Check out Baxter's STEMconnector Profile:

The Gooru Corner: Visualizing Special Relativity

In our day-to-day activities, the laws of special relativity don't seem very apparent; time seems to continue at the same speed regardless of where we stand. How, then, can we grasp a branch of physics that seems to defy all of our common observations? This week's Gooru collection brings together an all-star set of resources that together seek to demystify special relativity through visuals, interactive simulations, and clever analogies. 
Gooru is a free search engine for learning developed by a 501(c)(3) non-profit organization whose mission is to honor the human right to education. Visit us at  



$2M Up for Grabs with Samsung's Solve for Tomorrow Contest!

Are you interested in winning a share of $2,000,000 in technology and prizes for your school? This fall, Samsung is giving public schools nationwide the opportunity to discover the power of technology by participating in its annual Solve for Tomorrow contest. 
Are you and your students innovative? Do you think you can use STEM (Science, Technology, Engineering, Math) to help solve an environmental challenge in your local community? Apply for Samsung's Solve for Tomorrow contest and become eligible for the Environmental Sustainability Innovation Award, in which your school can win an additional $50,000 in Samsung technology! 
Note: By filling out the application, you will be entered in the Samsung Solve for Tomorrow contest. Up to 255 teachers will be chosen to create their vision for this program, and then 51 teachers will be chosen to have their classes create videos addressing the challenge, "Show how STEM can be applied to help your local community." All 51 chosen teachers will receive a video creation kit to help complete the task. These 51 teachers' schools will win a minimum of $20,000*  in technology grants and be eligible to win the Environmental Sustainability Innovation Award which is valued at $50,000.  (*Estimated Retail Value)

100 CEO’s Top Five Commitments to Bridge U.S. STEM Skills Gap

Tata Consultancy Services Reveals Key Cross-Sector STEM Insights as ‘Voice of Corporate America’ 

Washington, D.C. September 26, 2013 | Tata Consultancy Services (BSE: 532540, NSE: TCS), a leading IT services, consulting and business solutions organization, today announced the results of its mapping analysis of STEMconnector®’s recent ‘100 CEO Leaders in STEM’ publication, a first-of-its-kind survey of 100 American CEOs reflecting the corporate voice of America on important STEM issues. During a live CEO panel organized by STEMconnector® on September 25, Balaji Ganapathy, Head of Workforce Effectiveness, TCS North America, unveiled that the top focus areas for most CEOs were technology and innovation as key growth drivers, diversity and women in STEM fields, and the importance of these factors for the U.S. economy and competitiveness as a nation.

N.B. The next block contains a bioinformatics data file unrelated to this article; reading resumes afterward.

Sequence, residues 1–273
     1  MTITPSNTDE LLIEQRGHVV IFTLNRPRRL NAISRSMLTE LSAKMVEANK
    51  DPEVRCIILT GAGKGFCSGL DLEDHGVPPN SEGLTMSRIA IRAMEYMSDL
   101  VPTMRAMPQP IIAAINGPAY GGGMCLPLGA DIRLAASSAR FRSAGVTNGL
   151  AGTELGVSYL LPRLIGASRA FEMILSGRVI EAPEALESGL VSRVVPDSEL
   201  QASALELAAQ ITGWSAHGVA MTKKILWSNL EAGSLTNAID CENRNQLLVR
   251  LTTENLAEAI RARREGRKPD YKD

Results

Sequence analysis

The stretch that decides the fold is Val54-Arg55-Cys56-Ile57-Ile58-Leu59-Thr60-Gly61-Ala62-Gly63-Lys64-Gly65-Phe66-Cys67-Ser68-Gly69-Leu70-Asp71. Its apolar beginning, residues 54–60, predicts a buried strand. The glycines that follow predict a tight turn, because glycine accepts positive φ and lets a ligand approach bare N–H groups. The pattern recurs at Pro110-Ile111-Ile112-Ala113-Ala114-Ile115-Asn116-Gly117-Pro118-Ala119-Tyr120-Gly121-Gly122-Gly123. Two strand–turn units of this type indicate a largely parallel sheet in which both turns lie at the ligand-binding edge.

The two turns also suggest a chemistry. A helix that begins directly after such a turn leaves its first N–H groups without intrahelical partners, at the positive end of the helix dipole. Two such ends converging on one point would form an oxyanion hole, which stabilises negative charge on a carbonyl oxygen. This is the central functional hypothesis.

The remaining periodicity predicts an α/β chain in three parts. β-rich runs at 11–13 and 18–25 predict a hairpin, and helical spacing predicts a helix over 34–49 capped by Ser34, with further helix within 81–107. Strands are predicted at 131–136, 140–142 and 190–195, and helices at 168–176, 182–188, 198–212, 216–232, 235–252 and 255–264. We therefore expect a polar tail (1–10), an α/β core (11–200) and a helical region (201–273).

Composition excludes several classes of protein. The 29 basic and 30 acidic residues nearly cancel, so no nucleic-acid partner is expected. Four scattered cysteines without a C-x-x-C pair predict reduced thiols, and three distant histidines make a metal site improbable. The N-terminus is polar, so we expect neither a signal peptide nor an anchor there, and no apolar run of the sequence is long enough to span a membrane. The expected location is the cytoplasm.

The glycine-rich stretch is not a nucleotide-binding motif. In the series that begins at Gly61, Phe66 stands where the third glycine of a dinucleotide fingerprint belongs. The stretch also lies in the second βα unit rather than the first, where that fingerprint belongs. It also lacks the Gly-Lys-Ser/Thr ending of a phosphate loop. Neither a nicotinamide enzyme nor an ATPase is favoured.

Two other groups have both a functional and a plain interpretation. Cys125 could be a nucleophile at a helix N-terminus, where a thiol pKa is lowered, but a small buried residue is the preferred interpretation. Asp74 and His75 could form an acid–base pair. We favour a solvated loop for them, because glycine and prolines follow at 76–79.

“There is no doubt that a nation that is technologically savvy will inevitably have a competitive edge.” Said N Chandrasekaran, CEO and Managing Director, TCS. “As we become more ‘digital’ as a society, not only does STEM education lead to technology-led innovations, but also increased competitiveness and productivity of a country. Future job growth will be in STEM disciplines, and a nation aspiring to be a global leader can use STEM education as a perfect platform for economic growth and prosperity.”
TCS’ Connected Marketing Solutions team analyzed and mined the most emphasized CEO responses in STEMconnector’s report to reveal further insightful trends, challenges and recommended solutions. Across numerous industries, the top three areas of cross-sector CEO consensus were: 41 percent feel it is important to train young students and professionals in STEM education to meet critical future U.S. workforce needs; 40 percent strongly support STEM education of women and underrepresented minorities; and 35 percent feel technical training innovation is essential for economic growth and competitive advantage in the global marketplace. 
The top five commitments from the 100 CEOs – representing a combined revenue of more than $3.27 trillion and 7.6 million employees – to increase STEM participation were:
1. Understand and train for critical STEM skills and experiences their organizations need to succeed. 
2. Invest in STEM education with public and private organizations, establishing mentorships and apprenticeships. 
3. Increase employees’ awareness of STEM challenges and establish cross-departmental alignment on STEM company initiatives. 
4. Encourage them to get involved with STEM initiatives outside of work to help motivate future STEM employees. 
5. Change perceptions within their communities by educating students, teachers, career counselors, and parents about the various and promising career opportunities requiring STEM skills.